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Thursday, June 18, 2015

Home in the Alps

By Savitha Hira
Photography: Alexandre Mermillod Onixstudio.com; courtesy V2com
 
chalet DAG in the Alps
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The chalet DAG in picturesque Chamonix is an unpretentious hearth nestled in the snow, easily balancing modern living with rustic thought...
  
Chamonix-Mont-Blanc or Chamonix, a resort area bordering France, Switzerland and Italy, is renowned for its alpine skiing and absolutely breath-taking panoramic views. Designed purely as a summer residence, some 70 years ago, the chalet DAG had never been insulated for winter use.

chalet DAG
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larch wood balustrade
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When Chevallier Architectes were presented with this cottage that had only its middle level used as livable space (upper level was the attic, and ground level- the garage), they were asked not only to turn it into an all-weather home, but also transform all levels into hospitable spaces!

framed exteriors
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The project came with several constraints, most notably its location in an avalanche zone.  Yet set amidst the Chamonix heights with exceptional mountain views compelled that the home be made open to its scenic surrounds without compromising on the contemporary lifestyle of its inhabitants; which essentiated that its modern style fit with the setting.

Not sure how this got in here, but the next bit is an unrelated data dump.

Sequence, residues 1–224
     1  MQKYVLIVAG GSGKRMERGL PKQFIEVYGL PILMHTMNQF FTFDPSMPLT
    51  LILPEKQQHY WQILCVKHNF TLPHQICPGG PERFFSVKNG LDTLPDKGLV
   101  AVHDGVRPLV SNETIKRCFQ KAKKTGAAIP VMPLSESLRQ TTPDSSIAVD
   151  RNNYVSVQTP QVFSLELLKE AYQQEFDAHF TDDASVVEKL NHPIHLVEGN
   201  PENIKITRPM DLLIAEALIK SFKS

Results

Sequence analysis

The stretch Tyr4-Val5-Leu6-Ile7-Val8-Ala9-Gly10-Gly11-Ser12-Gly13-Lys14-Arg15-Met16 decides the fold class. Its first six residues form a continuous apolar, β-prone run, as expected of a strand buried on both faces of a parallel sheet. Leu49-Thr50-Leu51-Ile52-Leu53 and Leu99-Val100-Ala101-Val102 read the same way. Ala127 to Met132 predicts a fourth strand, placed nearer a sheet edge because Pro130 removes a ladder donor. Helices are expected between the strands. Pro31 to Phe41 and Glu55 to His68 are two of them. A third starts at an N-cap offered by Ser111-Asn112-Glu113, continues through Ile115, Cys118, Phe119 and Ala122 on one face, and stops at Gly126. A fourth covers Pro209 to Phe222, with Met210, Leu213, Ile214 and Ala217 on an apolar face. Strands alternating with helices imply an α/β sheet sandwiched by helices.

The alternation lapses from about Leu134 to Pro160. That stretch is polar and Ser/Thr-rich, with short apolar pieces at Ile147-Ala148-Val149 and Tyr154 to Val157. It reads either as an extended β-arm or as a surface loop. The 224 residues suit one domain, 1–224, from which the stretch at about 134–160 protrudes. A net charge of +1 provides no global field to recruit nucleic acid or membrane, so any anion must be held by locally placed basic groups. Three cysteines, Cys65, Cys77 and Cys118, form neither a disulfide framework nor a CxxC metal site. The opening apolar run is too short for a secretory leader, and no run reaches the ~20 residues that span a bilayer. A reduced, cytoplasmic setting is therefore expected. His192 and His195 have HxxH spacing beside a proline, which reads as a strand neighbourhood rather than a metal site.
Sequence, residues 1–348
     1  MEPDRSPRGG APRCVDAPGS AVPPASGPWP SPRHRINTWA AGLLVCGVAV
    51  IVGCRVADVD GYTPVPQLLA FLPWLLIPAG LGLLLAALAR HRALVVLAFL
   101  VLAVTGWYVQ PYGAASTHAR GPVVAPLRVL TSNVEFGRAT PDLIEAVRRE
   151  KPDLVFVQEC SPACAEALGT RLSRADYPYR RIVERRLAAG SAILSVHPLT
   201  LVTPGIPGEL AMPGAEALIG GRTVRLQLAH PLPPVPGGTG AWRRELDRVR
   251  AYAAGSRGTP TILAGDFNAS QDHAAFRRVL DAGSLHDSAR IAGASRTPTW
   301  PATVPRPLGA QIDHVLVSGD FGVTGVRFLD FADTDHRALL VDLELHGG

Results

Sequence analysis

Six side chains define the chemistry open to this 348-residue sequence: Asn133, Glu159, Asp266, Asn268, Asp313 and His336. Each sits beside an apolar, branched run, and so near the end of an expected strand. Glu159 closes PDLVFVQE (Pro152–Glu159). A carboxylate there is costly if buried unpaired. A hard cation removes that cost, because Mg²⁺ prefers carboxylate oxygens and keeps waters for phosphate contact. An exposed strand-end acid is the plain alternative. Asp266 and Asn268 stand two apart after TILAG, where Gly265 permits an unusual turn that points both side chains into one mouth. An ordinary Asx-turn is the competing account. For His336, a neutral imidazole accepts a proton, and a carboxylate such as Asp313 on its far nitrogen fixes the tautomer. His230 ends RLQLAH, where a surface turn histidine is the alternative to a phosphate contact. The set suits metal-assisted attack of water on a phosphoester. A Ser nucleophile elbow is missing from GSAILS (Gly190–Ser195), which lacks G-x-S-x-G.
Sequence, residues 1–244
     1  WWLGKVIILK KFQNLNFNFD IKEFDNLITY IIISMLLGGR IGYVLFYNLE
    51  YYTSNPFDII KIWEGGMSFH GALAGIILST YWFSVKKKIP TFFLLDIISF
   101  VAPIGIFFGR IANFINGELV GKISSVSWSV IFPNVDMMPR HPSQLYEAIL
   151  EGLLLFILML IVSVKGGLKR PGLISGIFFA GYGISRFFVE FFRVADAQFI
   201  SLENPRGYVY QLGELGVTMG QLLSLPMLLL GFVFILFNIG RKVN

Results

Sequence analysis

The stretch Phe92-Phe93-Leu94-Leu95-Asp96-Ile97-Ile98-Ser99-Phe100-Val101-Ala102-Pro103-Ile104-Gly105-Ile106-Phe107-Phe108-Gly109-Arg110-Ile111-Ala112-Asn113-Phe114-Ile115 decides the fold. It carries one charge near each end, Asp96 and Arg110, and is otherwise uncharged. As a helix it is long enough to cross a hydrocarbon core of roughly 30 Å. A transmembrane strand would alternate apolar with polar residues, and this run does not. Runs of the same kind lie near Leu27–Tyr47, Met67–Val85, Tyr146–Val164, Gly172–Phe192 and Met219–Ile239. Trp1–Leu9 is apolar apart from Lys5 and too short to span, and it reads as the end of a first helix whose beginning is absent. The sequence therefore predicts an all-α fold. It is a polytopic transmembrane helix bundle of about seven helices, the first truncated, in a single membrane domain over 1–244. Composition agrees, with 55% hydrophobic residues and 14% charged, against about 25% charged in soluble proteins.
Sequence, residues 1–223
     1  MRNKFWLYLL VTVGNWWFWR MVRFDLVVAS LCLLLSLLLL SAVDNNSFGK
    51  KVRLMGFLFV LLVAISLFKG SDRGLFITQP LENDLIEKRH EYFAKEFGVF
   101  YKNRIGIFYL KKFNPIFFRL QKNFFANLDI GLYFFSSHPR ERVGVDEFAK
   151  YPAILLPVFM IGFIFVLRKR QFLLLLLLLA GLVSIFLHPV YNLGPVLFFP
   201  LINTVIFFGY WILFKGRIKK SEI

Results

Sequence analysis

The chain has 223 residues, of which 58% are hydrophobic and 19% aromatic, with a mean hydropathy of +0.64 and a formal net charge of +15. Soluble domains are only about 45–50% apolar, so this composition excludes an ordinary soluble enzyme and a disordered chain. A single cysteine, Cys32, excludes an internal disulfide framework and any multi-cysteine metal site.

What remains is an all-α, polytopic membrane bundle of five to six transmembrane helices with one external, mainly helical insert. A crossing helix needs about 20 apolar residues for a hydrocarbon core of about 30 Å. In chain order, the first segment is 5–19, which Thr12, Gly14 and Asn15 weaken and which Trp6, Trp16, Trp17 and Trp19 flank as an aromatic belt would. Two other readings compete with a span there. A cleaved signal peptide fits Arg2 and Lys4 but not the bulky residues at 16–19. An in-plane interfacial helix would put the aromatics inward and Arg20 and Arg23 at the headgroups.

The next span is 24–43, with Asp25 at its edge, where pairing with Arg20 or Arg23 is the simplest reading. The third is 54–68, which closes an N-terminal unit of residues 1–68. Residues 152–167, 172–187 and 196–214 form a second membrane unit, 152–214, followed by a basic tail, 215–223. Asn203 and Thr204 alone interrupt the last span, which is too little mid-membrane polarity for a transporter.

living area
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dining area
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Thinking out-of-the-box, Chevallier Architects have created a green rooftop, a solution rarely used in this alpine valley. The chalet is also open to its surrounds through large glass windows that frame the exterior views. An open-plan layout and a neutral palette enhance spaciousness and make for easy living, in tune with the spirit of the place. A heat pump handles climate control, and the entire house is very well insulated.

master bedroom
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wooden staircase
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In addition, the chalet harmoniously coexists with several nearby old Swiss raccards (small cabin used as a granary or shed), built as it is from glass, metal and traditional larch wood; the wood stained to coordinate with the raccards.

With obvious Scandinavian inspiration, DAG is both warm and unpretentious, stripped down to essentials. Its large picture windows create a strong link with the alpine forest environment in which it is nestled.


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